Annual Kinder Houston Area Survey Offers Valuable Insights on Public Education 

Perspectives from Houstonians provide insights into navigating current
educational challenges and preparing for the future of Houston.

Every year, the Kinder Houston Area Survey gives us an in depth look into what Houstonians think and feel about their city. This year’s survey revealed critical insights into how residents view our local economy, housing affordability, climate change, artificial intelligence, and education. Good Reason Houston anticipates this report eagerly, as its nuanced findings provide us with another perspective to delve into local viewpoints. From concerns surrounding economic disparities and housing affordability to questions about public school funding, let’s examine how these perspectives could shape the future of education in our city.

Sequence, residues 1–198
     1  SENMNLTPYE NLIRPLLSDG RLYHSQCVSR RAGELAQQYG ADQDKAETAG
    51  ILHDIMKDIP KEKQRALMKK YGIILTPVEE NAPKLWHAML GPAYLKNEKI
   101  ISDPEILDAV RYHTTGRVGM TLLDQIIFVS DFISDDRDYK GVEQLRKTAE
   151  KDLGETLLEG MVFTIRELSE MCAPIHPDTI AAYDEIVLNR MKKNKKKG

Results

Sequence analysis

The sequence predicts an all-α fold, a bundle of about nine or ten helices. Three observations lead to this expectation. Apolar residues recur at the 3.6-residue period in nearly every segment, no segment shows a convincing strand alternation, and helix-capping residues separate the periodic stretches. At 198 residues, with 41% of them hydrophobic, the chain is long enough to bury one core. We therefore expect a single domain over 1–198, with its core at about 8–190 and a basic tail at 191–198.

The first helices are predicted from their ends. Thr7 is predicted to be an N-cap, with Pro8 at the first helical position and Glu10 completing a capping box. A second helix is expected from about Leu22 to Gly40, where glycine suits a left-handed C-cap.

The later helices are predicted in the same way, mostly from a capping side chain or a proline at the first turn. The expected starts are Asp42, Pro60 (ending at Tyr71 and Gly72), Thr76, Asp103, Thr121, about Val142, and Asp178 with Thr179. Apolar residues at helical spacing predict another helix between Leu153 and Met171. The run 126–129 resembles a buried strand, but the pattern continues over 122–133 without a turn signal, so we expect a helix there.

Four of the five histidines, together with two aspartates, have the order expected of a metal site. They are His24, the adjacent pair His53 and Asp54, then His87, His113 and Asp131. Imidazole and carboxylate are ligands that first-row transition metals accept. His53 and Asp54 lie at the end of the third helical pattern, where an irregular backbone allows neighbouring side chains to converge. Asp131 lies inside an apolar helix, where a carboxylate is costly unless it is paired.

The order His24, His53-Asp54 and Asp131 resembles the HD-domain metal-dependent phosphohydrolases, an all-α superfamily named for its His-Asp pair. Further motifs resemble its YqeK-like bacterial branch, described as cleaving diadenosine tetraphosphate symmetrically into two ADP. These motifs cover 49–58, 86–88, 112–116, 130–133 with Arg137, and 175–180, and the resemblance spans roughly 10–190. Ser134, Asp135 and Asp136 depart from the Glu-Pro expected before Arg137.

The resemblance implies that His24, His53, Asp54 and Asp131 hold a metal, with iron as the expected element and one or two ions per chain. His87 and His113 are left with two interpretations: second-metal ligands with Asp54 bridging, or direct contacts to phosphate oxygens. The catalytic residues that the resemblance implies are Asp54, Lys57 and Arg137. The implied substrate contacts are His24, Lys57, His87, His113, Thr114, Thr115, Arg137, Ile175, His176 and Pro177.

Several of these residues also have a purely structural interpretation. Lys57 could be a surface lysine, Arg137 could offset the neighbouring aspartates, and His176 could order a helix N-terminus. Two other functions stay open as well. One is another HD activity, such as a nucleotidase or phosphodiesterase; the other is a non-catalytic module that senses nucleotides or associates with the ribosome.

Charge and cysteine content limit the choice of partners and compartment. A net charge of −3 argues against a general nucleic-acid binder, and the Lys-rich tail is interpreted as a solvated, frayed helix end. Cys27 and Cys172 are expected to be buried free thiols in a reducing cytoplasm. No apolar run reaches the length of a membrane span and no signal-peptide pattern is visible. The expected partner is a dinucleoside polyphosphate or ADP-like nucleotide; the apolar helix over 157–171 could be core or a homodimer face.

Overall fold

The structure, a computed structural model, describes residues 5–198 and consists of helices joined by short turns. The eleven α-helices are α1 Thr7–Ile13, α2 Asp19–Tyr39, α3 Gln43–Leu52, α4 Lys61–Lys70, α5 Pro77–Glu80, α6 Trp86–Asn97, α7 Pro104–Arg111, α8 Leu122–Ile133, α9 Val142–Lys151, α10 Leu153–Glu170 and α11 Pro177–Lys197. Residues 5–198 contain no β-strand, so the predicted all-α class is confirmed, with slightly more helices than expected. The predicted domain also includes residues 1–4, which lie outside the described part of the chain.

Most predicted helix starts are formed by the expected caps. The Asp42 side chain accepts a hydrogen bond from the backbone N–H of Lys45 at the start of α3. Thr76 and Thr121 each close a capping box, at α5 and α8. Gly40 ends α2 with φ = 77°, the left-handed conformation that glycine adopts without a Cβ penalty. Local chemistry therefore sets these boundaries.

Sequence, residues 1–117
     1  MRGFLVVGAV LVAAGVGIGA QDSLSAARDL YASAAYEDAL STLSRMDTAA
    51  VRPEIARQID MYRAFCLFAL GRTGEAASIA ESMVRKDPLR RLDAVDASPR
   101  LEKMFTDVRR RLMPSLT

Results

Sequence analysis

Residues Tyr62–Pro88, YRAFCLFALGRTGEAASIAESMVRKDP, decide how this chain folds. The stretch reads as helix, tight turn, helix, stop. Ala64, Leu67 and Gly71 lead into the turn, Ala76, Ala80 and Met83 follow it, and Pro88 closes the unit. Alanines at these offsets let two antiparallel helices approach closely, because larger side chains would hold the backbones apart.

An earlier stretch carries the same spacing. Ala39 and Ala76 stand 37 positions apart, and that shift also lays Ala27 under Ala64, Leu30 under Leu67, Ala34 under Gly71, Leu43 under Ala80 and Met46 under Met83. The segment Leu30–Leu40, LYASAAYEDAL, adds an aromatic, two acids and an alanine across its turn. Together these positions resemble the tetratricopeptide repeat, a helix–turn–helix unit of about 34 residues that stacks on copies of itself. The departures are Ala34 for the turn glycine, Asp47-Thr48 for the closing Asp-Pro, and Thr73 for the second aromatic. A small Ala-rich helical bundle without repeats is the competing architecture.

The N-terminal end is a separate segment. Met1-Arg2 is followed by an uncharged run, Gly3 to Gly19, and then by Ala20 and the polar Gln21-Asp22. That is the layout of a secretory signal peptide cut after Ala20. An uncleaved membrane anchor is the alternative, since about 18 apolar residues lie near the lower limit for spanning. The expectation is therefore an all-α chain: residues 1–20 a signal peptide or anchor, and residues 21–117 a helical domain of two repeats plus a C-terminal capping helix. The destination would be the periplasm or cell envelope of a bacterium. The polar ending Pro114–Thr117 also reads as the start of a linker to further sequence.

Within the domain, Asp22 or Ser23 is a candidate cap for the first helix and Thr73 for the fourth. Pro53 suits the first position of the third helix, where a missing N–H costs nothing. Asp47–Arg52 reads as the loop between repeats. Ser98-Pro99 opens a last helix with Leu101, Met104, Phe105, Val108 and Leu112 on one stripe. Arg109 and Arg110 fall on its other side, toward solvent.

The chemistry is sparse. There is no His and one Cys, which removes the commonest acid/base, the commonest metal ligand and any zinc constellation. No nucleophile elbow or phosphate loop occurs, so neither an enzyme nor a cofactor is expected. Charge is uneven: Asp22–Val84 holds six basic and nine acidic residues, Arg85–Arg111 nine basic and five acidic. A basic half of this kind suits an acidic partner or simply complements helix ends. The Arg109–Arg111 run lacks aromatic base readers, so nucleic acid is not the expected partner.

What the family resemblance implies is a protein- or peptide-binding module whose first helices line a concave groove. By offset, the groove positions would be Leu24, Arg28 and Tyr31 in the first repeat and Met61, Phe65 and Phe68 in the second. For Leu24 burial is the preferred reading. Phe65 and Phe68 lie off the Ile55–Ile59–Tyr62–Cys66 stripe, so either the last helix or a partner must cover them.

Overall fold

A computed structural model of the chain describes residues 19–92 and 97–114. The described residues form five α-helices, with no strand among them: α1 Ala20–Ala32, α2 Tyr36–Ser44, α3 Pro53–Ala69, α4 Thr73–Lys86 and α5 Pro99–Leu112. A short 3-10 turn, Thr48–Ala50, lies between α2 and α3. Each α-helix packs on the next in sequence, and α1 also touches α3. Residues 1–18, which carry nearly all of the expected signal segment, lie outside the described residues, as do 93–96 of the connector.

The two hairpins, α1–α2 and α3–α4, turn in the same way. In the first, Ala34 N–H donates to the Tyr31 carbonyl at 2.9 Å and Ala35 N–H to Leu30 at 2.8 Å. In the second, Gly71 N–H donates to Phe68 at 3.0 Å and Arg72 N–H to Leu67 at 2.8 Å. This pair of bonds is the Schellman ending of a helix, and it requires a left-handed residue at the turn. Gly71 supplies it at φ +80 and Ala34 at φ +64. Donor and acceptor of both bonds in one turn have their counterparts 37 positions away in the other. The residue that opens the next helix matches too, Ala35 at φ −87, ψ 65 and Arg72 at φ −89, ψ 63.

Here are our five key takeaways and their implications for public education in Houston:

1. Financial instability is growing, which limits choices and opportunities after graduation. 29% of residents said their financial situation was worse than before, and nearly half of residents said they would be unable to cover an emergency expense of $400.

As more families are income constrained, investments into education become less feasible with more graduates from the region’s public schools opting to pursue work immediately after high school. We’ve seen this trend bear out in our postsecondary analysis, which shows that completion has been largely flat over time for the graduating classes of 2012-2017, particularly for students that are economically disadvantaged.